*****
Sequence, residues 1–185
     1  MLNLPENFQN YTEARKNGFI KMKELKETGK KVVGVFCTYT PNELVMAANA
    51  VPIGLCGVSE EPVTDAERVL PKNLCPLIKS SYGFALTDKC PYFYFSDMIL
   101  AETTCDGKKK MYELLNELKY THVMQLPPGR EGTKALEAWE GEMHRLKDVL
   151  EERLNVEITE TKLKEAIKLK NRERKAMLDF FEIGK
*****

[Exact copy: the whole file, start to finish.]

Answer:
Sequence, residues 1–185
     1  MLNLPENFQN YTEARKNGFI KMKELKETGK KVVGVFCTYT PNELVMAANA
    51  VPIGLCGVSE EPVTDAERVL PKNLCPLIKS SYGFALTDKC PYFYFSDMIL
   101  AETTCDGKKK MYELLNELKY THVMQLPPGR EGTKALEAWE GEMHRLKDVL
   151  EERLNVEITE TKLKEAIKLK NRERKAMLDF FEIGK